Random thoughts from here & there


Prema, the “kaam waali bhai” –in her late sixties- was waiting outside the apartment we are staying in.  In her mind, the Kashmiri family that employed her during winter was back; Prema did not solicit us aggressively. She waited for us- patiently. As I ambled out for a smoke, I noticed the frail, elderly Prema. She made eye contact; I smiled and asked, ‘ kya haal hai? (How are you?). “ Badiya, Sahib,”(Great ,Sir) responded Prema. I could see struggle and striving in Prema’s frail physique and visage but surprisingly, I could not discern pain. “ Marad Zinda hai (Is your man alive?), “ I asked. “ Nahin, chaar saal pehley “khatam” ho gaya”, said Prema. (No, he died four years ago). “ Kitney bacchey hain? (How many children do you have?). “ Chaar betiyaan , sahib, “ responded Prema and added, ‘ Sab kee shaadi hogayee hai, ‘ in a smugly satisfied tone.( I have four daughters but all are married). “Akeli rehtee ho,” I enquired. ( Do you live by your self?). “ Haan , Sahib”, said Prema. (Yes, Sir).  The brief encounter with Prema was revealing. The elderly woman at the fag end of her life was a brave woman who had neither given up on life nor had broken down despite the hand that fate had dealt her- loss of a husband in a patriarchal society, the birth and raising of daughters in a society where the male child is accorded preference and is viewed as  a hedge and insurance in old age. And now loneliness at  a vulnerable age. Prema bravely and stolidly soldiered on , facing all odds with a forbearance  and determination that was admirable. There is a lesson in Prema’s saga: life is struggle; fate, socio-economic status and socially and culturally determined constructs can be daunting but that does not mean one should give up. Prema is a tribute to determination and will to live- an inspiration to all!

 The harshness of Life in a world of apps and platforms

 Anil, the driver of an Ola cab, cheerfully greeted me as I boarded his taxi.  I soon stuck a conversation with him. Anil was from Mathura and had like countless others migrated to Delhi to make a living. Anil lived in a shanty town with his family of five. I asked Anil about the nature and functioning of Ola cabs and he briefed me succinctly. As far as I could understand, all that Ola had done was to provide a tech platform and aggregate services. People with commercial vehicles could plug into this platform and deliver a service and Ola would make money by charging a commission- all a reflection of the world we inhabited defined by technology and communication. “ Anil, why don’t you buy a cab too?”, I asked. “ Sir, I cant. I live hand to mouth. I have no asset. All I have is a skill- to drive”, “ Anil responded morosely.  Ola- the tech platform and service aggregator- and Anil’s struggles accorded a real perspective on life and the state in the 21stcentury. While technology and apps may be changing the tenor and pace of life at a staggering speed, the fact remains that access to technology is unequal and asset and cash poor people can only remain at the margins of this world. This calls for a real and substantive role for the state as an enabler and a welfare provider- something certain ideologies disavowed and rooted for a market Utopia. Anil and his case provide a useful contrapuntal here.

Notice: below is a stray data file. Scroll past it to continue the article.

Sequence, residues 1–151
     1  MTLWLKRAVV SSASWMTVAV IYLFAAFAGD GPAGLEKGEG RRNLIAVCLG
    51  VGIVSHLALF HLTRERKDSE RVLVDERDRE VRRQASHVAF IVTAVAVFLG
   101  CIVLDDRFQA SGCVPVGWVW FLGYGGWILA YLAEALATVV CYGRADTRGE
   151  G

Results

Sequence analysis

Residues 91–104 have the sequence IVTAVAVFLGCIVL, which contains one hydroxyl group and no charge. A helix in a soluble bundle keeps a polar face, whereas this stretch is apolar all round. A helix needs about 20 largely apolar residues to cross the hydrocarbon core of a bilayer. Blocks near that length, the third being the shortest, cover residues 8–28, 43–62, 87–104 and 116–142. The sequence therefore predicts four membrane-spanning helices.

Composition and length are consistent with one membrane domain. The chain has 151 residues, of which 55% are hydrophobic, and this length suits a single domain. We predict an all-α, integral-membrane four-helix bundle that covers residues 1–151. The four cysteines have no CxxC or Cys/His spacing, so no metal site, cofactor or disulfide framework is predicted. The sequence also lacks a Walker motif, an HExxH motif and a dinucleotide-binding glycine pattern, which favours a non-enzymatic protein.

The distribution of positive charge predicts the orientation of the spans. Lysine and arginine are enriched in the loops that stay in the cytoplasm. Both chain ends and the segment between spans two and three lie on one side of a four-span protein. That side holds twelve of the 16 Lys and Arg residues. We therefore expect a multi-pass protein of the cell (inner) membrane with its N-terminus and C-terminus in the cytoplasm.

The need and ability to connect transcends cultures, time and space 

On my way back from Gurgaon to New Delhi, I hailed a cab. The cabbie,  Maheshwari, looked sullen and sounded angry. I boarded the cab and probed Maheshwari’s face. He did not seem to be inclined to talk. Maheshwari did not take the usual route; he took a detour. I feared the worse; he was taking me for a ride both in the literal and real sense. I did not express my concern at this point in time. “ Delhi is a ruthless place,” I said, rather abstractedly. Maheshwari, who had stayed silent all the while, looked at me through his rear mirror- a probing look. He still did not utter a word. “ Nobody cares about anybody here”, I added. This evinced a nod from Maheshwari.  We drove past an upper class woman walking her dog. “ Look at this: some have the best of all worlds here”, I chortled. Maheswari now laughed,’ yes , Sahib, your’e right”. The ice was broken. Maheshwari and me struck a conversation spiced with humor, nature of life, the struggles in Delhi and what have you. He was now relaxed and had developed a rapport with me. Maheshwari dropped me at my destination. As I got down from his cab, I looked right into his eyes, smiled and gave him a tip. Maheshwari, looked back at me- straight into my eyes , beamed a warm smile and said, “ Thank You”. As I was about to  enter the apartment I am living in, I realized I had run out of cigarettes.  I started walking to the market square. Maheshwari, who had, almost reached the end of the street noticed me walking again. He stopped and the moment I walked past his car, he said, “ Sir, where are you going now? Can I drop you?” No charges this time . Sir”, he added with a beaming smile. I smiled in return and thanked him. “ Your wish, Sir”, added Maheshwari and bid me a hearty Good Night. A lesson was learnt again. All of us have a need to connect and if we attempt to connect in a genuine way and with empathy, people respond and connect with even greater intensity.


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